A word from Vlerick

previous icon Professor Frank Goedertier: There are at least three key success factors to pull off a successful re-branding endeavour. One, a company has to make sure that the re-branding is sufficiently noticed to avoid ‘lost’ customers that suddenly don’t find their old brand anymore and do not recognize the new name. Two, a company should avoid that its re-branding is perceived as merely cosmetic (i.e. just a name change, rather than a renewed offering/approach to the market). And three, successful re-branding endeavours are supported from the inside-out, meaning that that should focus on creating an internal brand culture that ‘lives’ the new brand identity.


In the Belfius case these three elements were explicitly considered. The 70% brand recognition rate a few weeks after the launch proves the company succeeded in taking the first hurdle of getting into the attention zone of its target group. The fact that the name was leaked was likely a blessing in hindsight from this perspective.
The resultant social media buzz, carefully monitored and managed by Belfius and its communication agencies, created an attention window that was quickly further opened by mainstream media thus generating large scale exposure around the new brand name. To make sure the name change isn’t perceived as cosmetic, Belfius takes every opportunity to link the name change to changed consumer needs and expectations in terms of banking. The advantage of a drastic name change is that it creates a psychological opportunity to start from a clean slate in terms of brand building. Finally Belfius realized that probably the most crucial factor in a re-branding exercise is having the brand supported by a strong internal brand culture. A new name can be announced with a big fuss, but if there is no real behaviour supporting the new identity claim in every consumer contact moment that follows, a lot of the identity re-building momentum is lost. As Belfius truly sees this a key priority the company is taking all precautions to make the re-branding a long-term success.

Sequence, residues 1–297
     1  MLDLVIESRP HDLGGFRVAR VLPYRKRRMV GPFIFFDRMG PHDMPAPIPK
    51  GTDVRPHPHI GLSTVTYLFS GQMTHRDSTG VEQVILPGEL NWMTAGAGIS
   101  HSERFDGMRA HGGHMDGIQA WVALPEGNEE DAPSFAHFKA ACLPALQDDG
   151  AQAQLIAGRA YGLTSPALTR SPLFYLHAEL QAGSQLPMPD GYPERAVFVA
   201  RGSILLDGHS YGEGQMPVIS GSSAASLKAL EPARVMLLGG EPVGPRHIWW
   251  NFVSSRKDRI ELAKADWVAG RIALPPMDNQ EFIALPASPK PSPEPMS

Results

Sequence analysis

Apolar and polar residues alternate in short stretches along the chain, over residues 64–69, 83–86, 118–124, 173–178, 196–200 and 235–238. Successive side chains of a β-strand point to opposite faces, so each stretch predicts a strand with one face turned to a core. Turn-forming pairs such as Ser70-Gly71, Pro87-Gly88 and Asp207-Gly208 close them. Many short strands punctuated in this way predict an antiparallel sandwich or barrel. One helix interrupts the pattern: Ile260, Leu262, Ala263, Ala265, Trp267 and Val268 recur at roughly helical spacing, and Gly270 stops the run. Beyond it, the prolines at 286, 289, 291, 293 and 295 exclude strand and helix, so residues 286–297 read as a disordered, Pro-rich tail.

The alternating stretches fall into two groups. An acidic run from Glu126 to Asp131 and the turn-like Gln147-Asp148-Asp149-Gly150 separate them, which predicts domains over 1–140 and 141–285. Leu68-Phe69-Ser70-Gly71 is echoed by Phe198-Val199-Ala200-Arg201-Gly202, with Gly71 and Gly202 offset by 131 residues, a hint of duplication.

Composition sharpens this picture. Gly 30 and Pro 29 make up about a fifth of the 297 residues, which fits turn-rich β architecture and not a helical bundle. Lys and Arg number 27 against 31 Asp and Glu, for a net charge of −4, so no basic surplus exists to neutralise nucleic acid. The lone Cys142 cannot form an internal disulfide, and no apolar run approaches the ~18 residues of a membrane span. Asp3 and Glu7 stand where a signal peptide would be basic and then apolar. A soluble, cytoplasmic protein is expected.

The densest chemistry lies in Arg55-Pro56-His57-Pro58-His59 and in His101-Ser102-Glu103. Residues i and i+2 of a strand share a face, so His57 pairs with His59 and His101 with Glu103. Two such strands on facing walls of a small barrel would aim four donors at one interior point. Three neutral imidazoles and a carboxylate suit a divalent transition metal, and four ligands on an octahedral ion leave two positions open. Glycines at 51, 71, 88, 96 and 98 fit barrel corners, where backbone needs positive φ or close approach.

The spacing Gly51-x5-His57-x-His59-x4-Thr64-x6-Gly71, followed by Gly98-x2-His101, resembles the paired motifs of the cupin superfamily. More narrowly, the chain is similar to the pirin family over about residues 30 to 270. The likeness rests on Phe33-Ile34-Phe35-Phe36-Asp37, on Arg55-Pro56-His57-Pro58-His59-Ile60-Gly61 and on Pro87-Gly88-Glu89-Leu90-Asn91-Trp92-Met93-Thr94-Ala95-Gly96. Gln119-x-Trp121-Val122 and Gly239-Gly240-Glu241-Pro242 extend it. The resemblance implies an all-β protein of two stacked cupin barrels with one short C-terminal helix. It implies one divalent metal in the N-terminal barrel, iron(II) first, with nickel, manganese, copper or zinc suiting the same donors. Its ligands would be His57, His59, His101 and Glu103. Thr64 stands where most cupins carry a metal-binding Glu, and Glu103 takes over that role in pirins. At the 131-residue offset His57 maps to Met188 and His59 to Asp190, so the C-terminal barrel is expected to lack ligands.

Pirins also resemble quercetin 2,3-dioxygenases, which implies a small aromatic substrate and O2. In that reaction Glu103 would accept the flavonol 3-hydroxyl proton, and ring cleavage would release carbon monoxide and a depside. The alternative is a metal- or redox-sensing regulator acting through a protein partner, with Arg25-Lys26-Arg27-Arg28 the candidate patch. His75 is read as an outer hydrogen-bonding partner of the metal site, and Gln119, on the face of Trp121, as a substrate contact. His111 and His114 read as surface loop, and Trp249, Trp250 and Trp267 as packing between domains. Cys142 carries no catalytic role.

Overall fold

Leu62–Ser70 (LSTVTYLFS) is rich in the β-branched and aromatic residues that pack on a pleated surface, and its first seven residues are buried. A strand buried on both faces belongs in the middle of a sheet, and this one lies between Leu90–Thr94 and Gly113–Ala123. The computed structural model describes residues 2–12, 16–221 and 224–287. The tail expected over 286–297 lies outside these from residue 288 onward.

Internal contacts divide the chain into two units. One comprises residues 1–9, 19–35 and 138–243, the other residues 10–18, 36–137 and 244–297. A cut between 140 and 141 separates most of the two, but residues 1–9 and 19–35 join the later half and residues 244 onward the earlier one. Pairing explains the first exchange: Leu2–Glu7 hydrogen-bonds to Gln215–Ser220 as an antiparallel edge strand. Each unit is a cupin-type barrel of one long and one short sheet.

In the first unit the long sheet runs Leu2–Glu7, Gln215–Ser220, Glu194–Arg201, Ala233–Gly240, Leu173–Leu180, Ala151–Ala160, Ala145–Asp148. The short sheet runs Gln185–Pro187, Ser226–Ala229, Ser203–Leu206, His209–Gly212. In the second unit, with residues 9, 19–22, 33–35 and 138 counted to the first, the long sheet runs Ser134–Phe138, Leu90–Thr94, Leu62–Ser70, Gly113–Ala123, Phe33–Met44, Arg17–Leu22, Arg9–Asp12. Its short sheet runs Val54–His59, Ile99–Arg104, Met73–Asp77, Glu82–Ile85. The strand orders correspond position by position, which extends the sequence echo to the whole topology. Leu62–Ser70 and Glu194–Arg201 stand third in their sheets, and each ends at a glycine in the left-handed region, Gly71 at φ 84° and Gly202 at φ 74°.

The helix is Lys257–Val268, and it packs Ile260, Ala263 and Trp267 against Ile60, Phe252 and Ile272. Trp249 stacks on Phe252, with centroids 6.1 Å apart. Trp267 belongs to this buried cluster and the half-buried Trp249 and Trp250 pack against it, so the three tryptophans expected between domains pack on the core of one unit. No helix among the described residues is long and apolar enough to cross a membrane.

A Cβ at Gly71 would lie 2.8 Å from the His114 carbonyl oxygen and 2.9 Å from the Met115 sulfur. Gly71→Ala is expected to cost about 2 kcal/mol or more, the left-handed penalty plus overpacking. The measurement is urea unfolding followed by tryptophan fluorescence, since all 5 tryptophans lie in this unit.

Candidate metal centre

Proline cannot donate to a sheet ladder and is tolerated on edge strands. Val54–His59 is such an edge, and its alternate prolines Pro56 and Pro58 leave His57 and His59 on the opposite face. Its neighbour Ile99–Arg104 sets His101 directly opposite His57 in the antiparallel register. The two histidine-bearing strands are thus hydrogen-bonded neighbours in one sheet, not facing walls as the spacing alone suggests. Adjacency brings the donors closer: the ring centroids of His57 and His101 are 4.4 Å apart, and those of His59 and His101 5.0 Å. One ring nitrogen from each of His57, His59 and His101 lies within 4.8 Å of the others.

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A word from Vlerick

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